Newly Diagnosed With Type 2 Diabetes: What Can I Eat?

Gretchen Becker Health Guide November 06, 2009
  • You've recently been diagnosed with type 2 diabetes and you don't know what you can eat.

     

    One expert says you need to cut back on fat, but you can eat a lot of carbohydrate (starches and sugars). Another says you need to cut back on carbohydrate, and fat doesn't matter. A third says the important thing is the glycemic index. Your head is spinning. You may wonder why you can't seem to get a handle on all this.

     

    Don't worry. You're not alone. Even the experts who have had diabetes for decades find the constant barrage of news about diabetes diets confusing. Expert David Mendosa recently wrote about this here.

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    What I recommend is starting off with whatever diet your health care team or your dietician recommends. It takes a little time to come to terms with a diabetes diagnosis, and you don't need the extra burden of arguing with your health care team right now. Maybe your first diet won't be the diet you eventually settle on, but it's a good start.

     

    If you've been eating a "standard American diet," meaning a lot of calories and a lot of both fat and carbohydrate, then almost any diet will be an improvement. So start with whatever your dietician/health care team want you to eat and use your meter to find out how this diet affects your blood glucose (BG) levels. If you wish, you can follow Jennifer's advice for when to test.

     

    Also make sure your doctor tells you what your blood pressure and lipid levels are right now. Then you can see if they improve or get worse on the diet you started with.

     

    After a month or so, when you have a good idea of how your starting diet affects your BG levels and your lipid levels and blood pressure, and how it makes you feel, you might want to try another eating plan. Again, use your meter to see how this diet affects you.

     

    Remember, we're all different. Depending on how advanced your diabetes was when you were diagnosed, whether or not you're able to get your insulin resistance down with exercise and weight loss (weight loss doesn't seem to help some people), and your own particular physiology, you may be able to tolerate more or less carbohydrate than someone else.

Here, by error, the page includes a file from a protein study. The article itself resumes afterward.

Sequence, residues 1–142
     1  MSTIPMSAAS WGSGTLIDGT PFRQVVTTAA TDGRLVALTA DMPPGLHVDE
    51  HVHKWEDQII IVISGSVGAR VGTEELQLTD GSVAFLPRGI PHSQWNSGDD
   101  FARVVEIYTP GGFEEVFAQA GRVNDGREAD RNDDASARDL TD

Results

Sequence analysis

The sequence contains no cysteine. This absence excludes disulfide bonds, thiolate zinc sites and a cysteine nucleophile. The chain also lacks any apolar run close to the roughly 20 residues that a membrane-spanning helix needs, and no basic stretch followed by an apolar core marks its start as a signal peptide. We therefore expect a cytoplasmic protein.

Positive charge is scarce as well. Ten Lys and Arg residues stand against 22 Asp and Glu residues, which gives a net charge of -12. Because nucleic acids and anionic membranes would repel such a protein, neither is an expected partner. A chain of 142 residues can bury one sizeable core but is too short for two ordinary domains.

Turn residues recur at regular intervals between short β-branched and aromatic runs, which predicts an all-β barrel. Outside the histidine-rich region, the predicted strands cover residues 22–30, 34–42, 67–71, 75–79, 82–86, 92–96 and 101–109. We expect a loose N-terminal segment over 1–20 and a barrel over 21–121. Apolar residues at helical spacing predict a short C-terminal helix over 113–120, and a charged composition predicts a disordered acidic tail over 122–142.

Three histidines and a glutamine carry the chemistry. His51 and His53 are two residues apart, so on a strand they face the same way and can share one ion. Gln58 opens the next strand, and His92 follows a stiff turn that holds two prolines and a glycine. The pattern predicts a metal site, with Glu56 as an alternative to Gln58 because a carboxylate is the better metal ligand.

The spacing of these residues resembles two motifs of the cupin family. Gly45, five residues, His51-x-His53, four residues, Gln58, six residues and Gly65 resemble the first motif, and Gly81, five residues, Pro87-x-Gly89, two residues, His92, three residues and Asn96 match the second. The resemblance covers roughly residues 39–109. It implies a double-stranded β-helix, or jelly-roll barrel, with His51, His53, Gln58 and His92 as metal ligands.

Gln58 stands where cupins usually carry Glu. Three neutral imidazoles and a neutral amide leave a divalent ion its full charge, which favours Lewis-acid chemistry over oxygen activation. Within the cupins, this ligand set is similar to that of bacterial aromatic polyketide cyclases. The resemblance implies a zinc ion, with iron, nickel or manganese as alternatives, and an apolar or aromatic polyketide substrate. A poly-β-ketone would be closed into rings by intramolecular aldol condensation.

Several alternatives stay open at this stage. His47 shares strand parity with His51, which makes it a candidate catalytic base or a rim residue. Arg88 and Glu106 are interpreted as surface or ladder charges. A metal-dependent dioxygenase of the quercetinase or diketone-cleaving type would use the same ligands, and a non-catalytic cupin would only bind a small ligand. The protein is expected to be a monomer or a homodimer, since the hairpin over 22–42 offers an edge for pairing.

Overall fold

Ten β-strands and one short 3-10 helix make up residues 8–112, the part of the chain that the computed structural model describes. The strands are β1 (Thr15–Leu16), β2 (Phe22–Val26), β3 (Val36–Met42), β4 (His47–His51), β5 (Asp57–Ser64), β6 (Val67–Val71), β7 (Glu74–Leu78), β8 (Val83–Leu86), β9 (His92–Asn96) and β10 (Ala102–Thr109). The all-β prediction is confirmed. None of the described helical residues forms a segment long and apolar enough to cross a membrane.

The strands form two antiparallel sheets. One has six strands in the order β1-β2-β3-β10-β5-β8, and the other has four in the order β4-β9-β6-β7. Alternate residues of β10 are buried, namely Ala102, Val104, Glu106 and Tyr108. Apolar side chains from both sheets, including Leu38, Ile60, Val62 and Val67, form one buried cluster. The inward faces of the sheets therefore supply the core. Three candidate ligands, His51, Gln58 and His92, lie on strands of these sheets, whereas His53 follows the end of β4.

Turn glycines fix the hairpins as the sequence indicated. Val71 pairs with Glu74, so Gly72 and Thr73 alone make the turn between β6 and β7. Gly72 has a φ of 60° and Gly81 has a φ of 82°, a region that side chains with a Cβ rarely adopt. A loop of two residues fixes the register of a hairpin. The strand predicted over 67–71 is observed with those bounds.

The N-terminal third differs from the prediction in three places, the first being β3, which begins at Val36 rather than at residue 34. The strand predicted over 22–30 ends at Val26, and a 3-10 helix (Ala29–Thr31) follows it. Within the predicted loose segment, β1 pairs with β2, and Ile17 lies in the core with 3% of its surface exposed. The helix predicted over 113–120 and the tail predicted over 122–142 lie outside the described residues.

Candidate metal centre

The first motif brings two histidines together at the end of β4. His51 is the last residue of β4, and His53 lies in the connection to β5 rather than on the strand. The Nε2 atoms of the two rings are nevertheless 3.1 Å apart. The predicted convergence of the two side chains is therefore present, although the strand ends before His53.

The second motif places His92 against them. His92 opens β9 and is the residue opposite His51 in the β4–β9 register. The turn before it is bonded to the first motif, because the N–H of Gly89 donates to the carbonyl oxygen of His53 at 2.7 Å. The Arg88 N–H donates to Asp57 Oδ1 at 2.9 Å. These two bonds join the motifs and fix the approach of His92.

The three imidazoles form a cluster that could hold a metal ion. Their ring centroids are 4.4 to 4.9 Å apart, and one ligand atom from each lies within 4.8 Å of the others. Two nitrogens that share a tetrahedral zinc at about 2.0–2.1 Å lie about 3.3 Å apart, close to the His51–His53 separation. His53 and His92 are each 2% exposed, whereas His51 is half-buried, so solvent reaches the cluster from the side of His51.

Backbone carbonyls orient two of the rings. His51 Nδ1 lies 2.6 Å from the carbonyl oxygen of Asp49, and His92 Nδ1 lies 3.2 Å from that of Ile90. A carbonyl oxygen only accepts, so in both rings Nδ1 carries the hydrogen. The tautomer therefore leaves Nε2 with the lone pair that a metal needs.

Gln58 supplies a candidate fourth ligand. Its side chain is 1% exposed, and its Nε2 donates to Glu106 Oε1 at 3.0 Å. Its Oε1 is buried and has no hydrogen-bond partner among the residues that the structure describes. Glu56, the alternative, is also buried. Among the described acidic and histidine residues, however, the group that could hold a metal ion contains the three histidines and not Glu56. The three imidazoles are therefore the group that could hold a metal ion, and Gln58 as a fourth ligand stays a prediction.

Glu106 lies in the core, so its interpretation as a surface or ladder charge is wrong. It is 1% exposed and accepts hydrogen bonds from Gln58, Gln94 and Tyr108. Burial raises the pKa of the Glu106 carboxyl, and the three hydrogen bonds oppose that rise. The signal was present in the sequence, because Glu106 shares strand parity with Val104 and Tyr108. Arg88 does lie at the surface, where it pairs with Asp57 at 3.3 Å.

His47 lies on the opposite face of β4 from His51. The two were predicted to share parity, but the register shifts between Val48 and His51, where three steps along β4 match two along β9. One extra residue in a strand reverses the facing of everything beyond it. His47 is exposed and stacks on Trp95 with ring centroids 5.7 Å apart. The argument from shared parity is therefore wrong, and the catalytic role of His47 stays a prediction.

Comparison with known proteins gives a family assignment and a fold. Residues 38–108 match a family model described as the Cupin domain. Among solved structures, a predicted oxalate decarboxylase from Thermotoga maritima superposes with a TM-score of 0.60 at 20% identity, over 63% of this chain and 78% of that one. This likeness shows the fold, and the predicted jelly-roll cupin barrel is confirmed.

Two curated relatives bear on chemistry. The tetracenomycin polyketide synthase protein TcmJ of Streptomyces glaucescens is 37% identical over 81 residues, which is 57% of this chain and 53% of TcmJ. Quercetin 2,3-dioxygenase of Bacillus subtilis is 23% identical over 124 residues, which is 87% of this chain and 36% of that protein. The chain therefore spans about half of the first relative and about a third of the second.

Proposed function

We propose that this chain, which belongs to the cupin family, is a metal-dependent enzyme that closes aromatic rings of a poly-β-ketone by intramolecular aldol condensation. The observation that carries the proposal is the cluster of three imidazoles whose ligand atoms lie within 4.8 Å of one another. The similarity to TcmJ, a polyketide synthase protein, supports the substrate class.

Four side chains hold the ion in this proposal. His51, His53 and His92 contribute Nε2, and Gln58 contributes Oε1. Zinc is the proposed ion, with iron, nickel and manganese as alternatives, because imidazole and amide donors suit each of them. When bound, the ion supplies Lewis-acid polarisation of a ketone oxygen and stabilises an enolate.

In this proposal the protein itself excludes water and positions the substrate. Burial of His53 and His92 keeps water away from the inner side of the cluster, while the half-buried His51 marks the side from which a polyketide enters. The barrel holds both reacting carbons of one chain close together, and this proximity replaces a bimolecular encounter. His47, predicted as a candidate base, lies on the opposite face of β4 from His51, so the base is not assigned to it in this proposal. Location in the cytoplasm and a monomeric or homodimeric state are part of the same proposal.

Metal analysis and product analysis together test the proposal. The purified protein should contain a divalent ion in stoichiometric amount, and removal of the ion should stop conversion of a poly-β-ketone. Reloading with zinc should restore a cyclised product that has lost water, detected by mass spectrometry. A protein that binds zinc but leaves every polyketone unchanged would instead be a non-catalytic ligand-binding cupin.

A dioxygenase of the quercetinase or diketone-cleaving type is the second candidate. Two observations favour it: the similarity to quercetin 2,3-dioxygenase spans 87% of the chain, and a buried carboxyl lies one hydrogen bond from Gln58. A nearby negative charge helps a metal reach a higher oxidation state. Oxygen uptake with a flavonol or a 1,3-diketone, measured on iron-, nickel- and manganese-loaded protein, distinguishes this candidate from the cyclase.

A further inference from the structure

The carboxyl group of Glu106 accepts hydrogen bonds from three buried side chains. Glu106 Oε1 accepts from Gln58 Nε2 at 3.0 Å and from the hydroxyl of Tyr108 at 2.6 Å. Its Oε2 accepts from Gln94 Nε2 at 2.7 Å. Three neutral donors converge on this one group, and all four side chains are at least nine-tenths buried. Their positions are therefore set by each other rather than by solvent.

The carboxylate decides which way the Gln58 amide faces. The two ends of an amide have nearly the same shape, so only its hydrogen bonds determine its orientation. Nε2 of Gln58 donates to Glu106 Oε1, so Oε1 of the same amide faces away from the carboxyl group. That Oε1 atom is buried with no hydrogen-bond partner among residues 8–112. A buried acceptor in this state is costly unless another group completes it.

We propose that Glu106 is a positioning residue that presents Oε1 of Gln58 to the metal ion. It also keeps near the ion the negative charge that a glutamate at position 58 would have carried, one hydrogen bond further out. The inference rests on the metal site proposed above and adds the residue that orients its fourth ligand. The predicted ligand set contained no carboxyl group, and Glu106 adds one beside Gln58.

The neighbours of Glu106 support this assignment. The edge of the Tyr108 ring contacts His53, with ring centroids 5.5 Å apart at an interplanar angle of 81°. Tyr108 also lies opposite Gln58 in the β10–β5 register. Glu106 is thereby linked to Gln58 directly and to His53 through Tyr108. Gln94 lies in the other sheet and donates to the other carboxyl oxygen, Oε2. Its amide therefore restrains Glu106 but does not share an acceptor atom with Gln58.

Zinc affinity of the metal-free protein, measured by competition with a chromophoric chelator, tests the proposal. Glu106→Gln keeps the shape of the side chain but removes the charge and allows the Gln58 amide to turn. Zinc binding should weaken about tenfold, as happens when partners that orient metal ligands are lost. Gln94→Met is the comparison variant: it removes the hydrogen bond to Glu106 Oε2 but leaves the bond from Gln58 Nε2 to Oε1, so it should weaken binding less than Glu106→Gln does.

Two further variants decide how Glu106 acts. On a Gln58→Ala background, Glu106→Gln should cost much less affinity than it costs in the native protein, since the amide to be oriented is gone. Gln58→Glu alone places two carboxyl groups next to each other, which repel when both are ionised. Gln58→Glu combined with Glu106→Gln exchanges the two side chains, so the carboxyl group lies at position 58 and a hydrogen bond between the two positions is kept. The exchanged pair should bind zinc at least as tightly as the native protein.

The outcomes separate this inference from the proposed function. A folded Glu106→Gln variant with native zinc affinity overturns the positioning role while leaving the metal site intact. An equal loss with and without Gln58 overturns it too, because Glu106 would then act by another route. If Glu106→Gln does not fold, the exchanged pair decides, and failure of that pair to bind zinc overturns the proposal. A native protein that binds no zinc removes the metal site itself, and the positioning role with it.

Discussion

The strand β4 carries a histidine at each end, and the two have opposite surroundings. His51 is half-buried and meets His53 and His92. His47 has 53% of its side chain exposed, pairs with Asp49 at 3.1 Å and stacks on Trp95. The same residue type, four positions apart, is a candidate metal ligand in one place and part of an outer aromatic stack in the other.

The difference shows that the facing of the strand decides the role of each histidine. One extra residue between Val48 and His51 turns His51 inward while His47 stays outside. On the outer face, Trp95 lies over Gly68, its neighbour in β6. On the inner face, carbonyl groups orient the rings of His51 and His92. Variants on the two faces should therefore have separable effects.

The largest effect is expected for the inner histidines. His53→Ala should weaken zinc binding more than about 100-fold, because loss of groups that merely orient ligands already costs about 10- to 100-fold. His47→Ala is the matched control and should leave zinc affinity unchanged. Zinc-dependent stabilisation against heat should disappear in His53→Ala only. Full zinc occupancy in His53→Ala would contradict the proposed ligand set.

Some people can tolerate potato but not rice; others are exactly the reverse.

     

    What foods you can eat also depends on how much of them you eat. One person might cut out rice completely, saying she couldn't tolerate rice, but it would turn out she was eating a whole cup per serving and no fat with the meal. Another person might say he could tolerate rice, but it would turn out he was eating only 2 tablespoons per serving, slathered with butter, which slows down digestion.

     

    So never take someone else's word for it. Try new foods and see if they work for you.

     

    Don't feel overwhelmed. You've probably had higher-than-normal BG levels for up to 10 years before you were diagnosed. Another few weeks won't make a huge difference. Just do what you can.

     

    If you can start cold turkey with a totally new lifestyle, that's great. If you have to start slowly, cutting back on one food you love and then another one until you reach a diet you can live with while controlling your BG levels, that's OK too.

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    Remember, you have a lot of companions on this difficult journey. It takes time to absorb everything you need to know. Just hang in there. You can do it, and eventually you'll discover new foods and new tastes and may wonder why you ever liked the tasteless packaged junk food you used to eat.